June 30, 2020
Last week, Illinois moved in to “Phase 4” of the state’s five-stage Restore Illinois Plan (the “Plan”). As part of this transition, the Illinois Department of Commerce and Economic Opportunity issued updated, industry-specific Phase 4 Guidelines (the “Guidelines”).
From an employer compliance standpoint, the transition from Phase 3 to 4 is not a radical change. Rather, the transition primarily involves loosened restrictions for already open businesses, and the reopening of additional industries (such as indoor recreation facilities like bowling alleys and skating rinks). Social distancing and other guidelines introduced in Phase 3 remain in effect. For an in-depth review of these guidelines, please see our advisory on Illinois and Chicago’s Phase 3 Reopening Guidance.
June 30, 2020
On March 17, 2020, the Office for Civil Rights’ (“OCR”) announced that—for the duration of the COVID-19 emergency—it would exercise enforcement discretion and waive any potential penalties for HIPAA violations relating to health care providers’ use of “everyday communications technologies” in the provision of services via telehealth (the “HIPAA Waiver”). This move has resulted in a drastic increase in the number of telehealth encounters. The HIPAA Waiver has enabled many providers to immediately leverage these technologies to render services via telehealth for the first time, without the need to expend significant resources to quickly ramp up a HIPAA-compliant telehealth platform. A summary of the HIPAA Waiver can be found in a recent blog post. While the HIPAA Waiver applies only temporarily, it is likely that the increased reliance on telehealth evidenced over the past three months is here to stay.
June 30, 2020
Featured in #WorkforceWednesday: Attorney Denise Dadika examines the unique challenges health care employers face as they ramp business back up and reopen for both patients and employees.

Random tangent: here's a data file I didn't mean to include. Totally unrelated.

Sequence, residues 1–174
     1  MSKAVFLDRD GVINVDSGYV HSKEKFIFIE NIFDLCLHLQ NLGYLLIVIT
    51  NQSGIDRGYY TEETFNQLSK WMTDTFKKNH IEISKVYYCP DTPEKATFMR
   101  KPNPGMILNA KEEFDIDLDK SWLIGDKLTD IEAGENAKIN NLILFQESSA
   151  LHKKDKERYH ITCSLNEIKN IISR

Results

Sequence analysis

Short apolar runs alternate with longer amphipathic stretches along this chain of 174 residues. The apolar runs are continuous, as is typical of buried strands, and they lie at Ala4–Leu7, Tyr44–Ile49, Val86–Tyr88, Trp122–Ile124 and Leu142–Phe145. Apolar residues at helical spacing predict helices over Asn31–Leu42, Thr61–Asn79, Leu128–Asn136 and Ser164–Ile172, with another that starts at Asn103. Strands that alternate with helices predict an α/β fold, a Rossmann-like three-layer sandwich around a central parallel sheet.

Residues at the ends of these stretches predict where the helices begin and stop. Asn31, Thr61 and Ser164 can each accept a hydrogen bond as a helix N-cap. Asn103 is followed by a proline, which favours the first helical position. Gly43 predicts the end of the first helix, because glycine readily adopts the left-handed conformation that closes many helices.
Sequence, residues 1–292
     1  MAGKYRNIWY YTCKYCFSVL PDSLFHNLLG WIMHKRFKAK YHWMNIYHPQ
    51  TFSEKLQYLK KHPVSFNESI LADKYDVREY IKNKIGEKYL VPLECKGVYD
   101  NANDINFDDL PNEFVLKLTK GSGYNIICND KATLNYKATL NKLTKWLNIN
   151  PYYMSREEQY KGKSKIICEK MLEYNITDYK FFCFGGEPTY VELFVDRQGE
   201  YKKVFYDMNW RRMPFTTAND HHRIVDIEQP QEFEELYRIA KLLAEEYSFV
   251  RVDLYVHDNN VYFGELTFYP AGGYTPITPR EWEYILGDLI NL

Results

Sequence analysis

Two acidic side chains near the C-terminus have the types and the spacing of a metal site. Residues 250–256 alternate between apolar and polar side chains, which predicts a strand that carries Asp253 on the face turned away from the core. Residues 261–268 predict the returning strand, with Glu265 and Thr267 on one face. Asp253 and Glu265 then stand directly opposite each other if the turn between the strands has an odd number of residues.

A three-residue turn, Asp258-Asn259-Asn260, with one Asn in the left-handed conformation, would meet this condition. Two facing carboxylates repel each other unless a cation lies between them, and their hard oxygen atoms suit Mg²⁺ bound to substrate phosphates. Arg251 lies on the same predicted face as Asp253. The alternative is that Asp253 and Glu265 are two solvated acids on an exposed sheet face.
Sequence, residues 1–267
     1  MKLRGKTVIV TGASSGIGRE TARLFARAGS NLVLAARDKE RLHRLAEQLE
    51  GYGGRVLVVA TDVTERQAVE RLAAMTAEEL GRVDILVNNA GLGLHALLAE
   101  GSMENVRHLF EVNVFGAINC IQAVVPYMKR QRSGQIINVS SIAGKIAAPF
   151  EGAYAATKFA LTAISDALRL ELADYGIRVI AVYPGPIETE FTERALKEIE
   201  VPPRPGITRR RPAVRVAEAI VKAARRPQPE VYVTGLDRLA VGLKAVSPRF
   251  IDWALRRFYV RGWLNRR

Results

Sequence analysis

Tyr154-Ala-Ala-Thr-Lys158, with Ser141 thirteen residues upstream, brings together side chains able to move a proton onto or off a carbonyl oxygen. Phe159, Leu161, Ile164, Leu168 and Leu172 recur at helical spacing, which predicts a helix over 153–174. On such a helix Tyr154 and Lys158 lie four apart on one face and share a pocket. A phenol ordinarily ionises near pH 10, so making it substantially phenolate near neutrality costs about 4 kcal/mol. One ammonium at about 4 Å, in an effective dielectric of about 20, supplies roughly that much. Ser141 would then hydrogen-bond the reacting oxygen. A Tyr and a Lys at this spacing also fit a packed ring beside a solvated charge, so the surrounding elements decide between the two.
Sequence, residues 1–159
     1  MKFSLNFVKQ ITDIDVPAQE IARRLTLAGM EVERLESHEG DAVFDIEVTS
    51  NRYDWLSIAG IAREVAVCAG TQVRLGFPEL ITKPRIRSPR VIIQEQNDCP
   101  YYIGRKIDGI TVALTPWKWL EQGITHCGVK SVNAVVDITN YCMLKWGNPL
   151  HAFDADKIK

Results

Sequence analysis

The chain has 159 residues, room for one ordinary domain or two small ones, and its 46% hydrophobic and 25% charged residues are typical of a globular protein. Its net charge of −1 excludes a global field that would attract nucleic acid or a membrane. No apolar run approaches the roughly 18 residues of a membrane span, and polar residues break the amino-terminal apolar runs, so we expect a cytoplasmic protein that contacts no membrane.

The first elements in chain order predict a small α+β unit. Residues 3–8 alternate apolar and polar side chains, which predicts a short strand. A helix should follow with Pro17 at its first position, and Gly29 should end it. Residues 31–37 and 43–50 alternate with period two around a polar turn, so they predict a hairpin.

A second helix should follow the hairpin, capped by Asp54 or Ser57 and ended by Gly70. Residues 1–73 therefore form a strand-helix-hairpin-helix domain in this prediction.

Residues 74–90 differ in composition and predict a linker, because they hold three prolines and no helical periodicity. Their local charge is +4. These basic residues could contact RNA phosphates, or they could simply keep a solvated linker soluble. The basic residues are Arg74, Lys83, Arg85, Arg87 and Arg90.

June 30, 2020
On June 22, 2020, New Jersey Governor Phil Murphy issued Executive Order 156 (“EO 156”), which, effective immediately, increases the permissible number of attendees at indoor and outdoor gatherings from the limits he established in Executive Order 152 (“EO 152”) (which we wrote about here).
June 29, 2020
FDA recently published its “Good Manufacturing Practice Considerations for Responding to COVID-19 Infection in Employees in Drug and Biological Products Manufacturing Guidance for Industry” (“Guidance”) which provides suggestions on managing the potential risk of products being contaminated by SARS-CoV-2, the virus behind COVID-19 infections for drug and biological product manufacturers, 503B outsourcing facilities, and 503A compounding pharmacies.
The Guidance builds on the current Good Manufacturing Practices (cGMPs) regulations for drugs and biological products, which require personnel with an illness that could adversely affect drug safety or quality be excluded from direct contact with drugs and drug components used in manufacturing. As the Guidance states, preliminary research indicating that SARS-CoV-2 “is stable for several hours to days in aerosols and on surfaces,” and that it has an incubation period of 2 to 14 days, which are both factors that increase the risk of spread and introduction into products. The actual health risk is hard to calculate – FDA itself notes that there have not been documented transmissions through pharmaceuticals to date. The regulatory risk, however, is an easier formula – FDA has a clear expectation that drug and biological product manufacturers evaluate the potential for COVID-19 contamination of their products under existing controls, or risk being out of compliance with cGMPs.